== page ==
There was rock to the left and rock to the right, and low lean thorn between,
    And thrice he heard a breech-bolt snick tho’ never a man was seen.

    They have ridden the low moon out of the sky, their hoofs drum up the dawn,
    The dun he went like a wounded bull, but the mare like a new-roused fawn.
    The dun he fell at a water-course – in a woeful heap fell he,
    And Kamal. has turned the red mare back, and pulled the rider free.
    He has knocked the pistol out of his hand – small room was there to strive,
    ‘Twas only by favour of mine,” quoth he, ” ye rode so long alive:
    “There was not a rock for twenty mile, there was not a clump of tree,
    “But covered a man of my own men with his rifle cocked on his knee.
    “If I had raised my bridle-hand, as I have held it low,
    “The little jackals that flee so fast were feasting all in a row.
    “If I had bowed my head on my breast, as I have held it high,
    “The kite that whistles above us now were gorged till she could not fly.”
    Lightly answered the Colonel’s son: “Do good to bird and beast,
    “But count who come for the broken meats before thou makest a feast.
    “If there should follow a thousand swords to carry my bones away.
    “Belike the price of a jackal’s meal were more than a thief could pay.
    “They will feed their horse on the standing crop, their men on the garnered grain.
    “The thatch of the byres will serve their fires when all the cattle are slain.
    “But if thou thinkest the price be fair – thy brethren wait to sup,
    “The hound is kin to the jackal-spawn – howl, dog, and call them up!
    “And if thou thinkest the price be high, in steer and gear and stack,
    “Give me my father’s mare again, and I’ll fight my own way back! ”

    Kamal has gripped him by the hand and set him upon his feet.
    “No talk shall be of dogs,” said he, “when wolf and grey wolf meet.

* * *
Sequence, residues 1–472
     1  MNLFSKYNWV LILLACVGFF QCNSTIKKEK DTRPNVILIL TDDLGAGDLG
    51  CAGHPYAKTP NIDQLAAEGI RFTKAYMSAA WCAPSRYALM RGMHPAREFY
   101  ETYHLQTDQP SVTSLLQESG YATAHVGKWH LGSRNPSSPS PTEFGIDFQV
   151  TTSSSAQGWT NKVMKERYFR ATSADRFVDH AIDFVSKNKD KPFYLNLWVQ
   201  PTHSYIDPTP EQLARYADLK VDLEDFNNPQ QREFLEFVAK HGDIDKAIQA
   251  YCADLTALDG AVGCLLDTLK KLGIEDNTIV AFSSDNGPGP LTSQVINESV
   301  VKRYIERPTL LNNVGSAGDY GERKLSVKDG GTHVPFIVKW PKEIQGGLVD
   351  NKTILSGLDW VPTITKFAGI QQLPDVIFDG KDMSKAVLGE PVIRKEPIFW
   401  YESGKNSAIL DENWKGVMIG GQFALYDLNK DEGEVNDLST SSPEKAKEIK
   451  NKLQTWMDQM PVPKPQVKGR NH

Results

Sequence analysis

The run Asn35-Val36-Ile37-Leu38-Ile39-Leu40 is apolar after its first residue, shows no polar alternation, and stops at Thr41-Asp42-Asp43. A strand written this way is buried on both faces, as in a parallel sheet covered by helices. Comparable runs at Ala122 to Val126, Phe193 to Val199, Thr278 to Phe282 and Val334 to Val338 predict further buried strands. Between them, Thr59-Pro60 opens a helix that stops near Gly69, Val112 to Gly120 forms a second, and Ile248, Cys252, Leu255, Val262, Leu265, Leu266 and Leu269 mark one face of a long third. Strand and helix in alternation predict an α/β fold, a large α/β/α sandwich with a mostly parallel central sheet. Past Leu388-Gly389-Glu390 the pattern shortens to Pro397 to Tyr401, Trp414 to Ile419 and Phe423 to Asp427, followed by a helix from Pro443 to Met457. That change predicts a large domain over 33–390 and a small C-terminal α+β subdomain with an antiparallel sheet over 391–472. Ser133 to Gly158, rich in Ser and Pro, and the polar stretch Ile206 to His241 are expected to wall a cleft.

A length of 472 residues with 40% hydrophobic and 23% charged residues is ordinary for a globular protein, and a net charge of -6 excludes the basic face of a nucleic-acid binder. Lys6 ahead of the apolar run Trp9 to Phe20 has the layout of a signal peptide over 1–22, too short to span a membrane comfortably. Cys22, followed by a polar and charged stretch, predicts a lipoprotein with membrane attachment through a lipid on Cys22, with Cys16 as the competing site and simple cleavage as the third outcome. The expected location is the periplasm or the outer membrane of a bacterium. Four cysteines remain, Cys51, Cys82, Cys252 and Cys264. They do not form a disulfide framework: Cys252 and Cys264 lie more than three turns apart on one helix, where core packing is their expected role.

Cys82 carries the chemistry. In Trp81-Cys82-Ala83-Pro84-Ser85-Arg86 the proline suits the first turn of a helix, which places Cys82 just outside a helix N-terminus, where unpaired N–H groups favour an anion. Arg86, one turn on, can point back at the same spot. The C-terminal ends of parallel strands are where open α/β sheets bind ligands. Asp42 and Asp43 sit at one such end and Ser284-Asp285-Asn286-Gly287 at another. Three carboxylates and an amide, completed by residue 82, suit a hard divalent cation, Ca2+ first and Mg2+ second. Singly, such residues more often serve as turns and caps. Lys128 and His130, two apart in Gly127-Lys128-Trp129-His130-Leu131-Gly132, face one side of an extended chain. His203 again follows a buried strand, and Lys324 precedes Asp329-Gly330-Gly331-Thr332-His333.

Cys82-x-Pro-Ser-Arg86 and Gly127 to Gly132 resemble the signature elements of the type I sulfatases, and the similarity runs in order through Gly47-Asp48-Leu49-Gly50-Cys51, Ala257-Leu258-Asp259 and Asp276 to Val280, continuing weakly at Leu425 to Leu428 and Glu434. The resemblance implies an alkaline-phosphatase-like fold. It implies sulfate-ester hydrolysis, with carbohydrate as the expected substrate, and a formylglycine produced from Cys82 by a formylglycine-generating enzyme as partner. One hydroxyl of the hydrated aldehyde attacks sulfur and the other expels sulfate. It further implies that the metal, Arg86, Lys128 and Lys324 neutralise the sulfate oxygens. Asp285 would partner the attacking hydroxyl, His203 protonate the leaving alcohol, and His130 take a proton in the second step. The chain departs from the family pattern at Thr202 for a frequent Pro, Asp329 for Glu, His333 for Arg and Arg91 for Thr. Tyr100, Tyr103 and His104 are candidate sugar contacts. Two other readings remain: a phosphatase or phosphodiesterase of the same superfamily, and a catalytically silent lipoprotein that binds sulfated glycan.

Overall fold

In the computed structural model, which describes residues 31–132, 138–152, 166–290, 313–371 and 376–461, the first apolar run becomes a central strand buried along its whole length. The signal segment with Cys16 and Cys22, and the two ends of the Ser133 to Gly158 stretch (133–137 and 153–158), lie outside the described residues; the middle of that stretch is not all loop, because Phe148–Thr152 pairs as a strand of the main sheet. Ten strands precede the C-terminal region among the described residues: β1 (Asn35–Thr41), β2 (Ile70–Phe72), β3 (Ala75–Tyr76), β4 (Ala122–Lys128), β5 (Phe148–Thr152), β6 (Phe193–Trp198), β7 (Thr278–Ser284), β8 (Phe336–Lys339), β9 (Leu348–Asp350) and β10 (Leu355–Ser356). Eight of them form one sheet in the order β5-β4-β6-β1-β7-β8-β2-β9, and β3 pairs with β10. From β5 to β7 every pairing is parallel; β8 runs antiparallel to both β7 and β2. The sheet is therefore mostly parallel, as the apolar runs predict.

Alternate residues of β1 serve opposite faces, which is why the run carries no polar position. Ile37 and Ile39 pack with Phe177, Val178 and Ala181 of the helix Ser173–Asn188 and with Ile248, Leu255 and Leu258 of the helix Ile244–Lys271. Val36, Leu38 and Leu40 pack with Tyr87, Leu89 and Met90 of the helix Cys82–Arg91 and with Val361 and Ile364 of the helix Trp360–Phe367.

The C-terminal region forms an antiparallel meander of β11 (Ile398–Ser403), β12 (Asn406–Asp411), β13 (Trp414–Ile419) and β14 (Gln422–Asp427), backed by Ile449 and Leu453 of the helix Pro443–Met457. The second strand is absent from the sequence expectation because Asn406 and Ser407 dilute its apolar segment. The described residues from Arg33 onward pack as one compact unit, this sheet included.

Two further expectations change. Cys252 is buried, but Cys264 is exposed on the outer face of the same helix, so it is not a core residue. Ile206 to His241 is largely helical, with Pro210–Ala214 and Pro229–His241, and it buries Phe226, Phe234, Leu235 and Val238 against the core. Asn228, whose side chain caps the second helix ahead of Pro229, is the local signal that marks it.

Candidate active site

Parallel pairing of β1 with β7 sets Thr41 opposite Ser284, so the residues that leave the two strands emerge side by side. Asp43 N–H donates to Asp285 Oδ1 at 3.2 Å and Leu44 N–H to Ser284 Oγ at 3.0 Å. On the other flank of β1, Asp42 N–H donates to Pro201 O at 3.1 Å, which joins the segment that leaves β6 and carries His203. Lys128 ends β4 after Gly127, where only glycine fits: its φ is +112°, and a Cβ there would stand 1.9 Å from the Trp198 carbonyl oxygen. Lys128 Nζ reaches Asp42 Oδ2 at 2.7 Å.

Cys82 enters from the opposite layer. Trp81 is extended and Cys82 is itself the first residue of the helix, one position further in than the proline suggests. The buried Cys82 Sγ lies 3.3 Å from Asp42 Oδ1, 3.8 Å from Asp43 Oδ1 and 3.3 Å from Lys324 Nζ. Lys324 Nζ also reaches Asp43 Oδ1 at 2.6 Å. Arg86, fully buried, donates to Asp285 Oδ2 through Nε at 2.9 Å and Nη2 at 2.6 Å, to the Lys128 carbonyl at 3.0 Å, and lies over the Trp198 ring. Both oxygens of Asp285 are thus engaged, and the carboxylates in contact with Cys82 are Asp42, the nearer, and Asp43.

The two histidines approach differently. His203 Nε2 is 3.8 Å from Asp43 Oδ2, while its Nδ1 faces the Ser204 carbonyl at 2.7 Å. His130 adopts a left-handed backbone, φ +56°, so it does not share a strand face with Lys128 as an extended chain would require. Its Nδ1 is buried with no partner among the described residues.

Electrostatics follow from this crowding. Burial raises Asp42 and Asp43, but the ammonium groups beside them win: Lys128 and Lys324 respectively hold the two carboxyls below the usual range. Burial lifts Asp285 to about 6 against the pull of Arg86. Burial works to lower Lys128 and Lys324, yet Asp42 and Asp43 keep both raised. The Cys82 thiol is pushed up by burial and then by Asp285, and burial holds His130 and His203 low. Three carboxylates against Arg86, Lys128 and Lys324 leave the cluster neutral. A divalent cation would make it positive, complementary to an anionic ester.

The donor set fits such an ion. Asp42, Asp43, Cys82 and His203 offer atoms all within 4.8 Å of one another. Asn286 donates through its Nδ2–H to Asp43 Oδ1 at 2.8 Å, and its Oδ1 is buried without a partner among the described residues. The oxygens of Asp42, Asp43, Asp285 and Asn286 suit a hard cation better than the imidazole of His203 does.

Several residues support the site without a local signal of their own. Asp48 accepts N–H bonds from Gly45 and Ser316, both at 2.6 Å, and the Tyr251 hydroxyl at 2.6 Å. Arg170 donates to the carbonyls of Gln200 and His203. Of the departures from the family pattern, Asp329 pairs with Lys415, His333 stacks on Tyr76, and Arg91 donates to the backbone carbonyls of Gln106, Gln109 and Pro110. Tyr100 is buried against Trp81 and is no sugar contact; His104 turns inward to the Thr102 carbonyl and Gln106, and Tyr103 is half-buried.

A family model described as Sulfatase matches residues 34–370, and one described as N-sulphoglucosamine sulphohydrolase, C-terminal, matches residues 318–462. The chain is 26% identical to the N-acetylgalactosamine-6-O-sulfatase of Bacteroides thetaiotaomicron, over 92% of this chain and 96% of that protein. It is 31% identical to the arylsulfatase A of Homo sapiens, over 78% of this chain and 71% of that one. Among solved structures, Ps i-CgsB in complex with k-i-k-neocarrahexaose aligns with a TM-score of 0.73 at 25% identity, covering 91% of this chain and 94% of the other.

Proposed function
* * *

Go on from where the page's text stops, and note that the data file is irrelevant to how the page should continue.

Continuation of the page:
“May I eat dirt if thou hast hurt of me in deed or breath;
    “What dam of lances brought thee forth to jest at the dawn with Death?”
    Lightly answered the Colonel’s son: ” I hold by the blood of my clan:
    Take up the mare for my father’s gift – by God, she has carried a man!”
    The red mare ran to the Colonel’s son, and nuzzled against his breast;
    “We be two strong men,” said Kamal then, ” but she loveth the younger best.
    “So she shall go with a lifter’s dower, my turquoise-studded rein,
    “My ‘broidered saddle and saddle-cloth, and silver stirrup twain.”
    The Colonel’s son a pistol drew, and held it muzzle-end,
    “Ye have taken the one from a foe,” said he. ” Will ye take the mate from a friend? ”
    “A gift for a gift,” said Kamal straight; “a limb for the risk of a limb.
    “Thy father has sent his son to me, I’ll send my son to him!”
    With that he whistled his only son, that dropped from a mountain-crest
    He trod the ling like a buck in spring, and he looked like a lance in rest.
    “Now here is thy master,” Kamal said, “who leads a troop of the Guides,
    “And thou must ride at his left side as shield on shoulder rides.
    “Till Death or I cut loose the tie, at camp and board and bed,
    “Thy life is his – thy fate it is to guard him with thy head.
    “So, thou must eat the White Queen’s meat, and all her foes are thine,
    “And thou must harry thy father’s hold for the peace of the Border-line.
    “And thou must make a trooper tough and hack thy way to power
    “Belike they will raise thee to Ressaldar when I am hanged in Peshawur! ”

    They have looked each other between the eyes, and there they found no fault.
    They have taken the Oath of the Brother-in-Blood on leavened bread and salt:
    They have taken the Oath of the Brother-in-Blood on fire and fresh-cut sod,
    On the hilt and the haft of the Khyber knife, and the Wondrous Names of God.

    The Colonel’s son he rides the mare and Kamal’s boy the dun,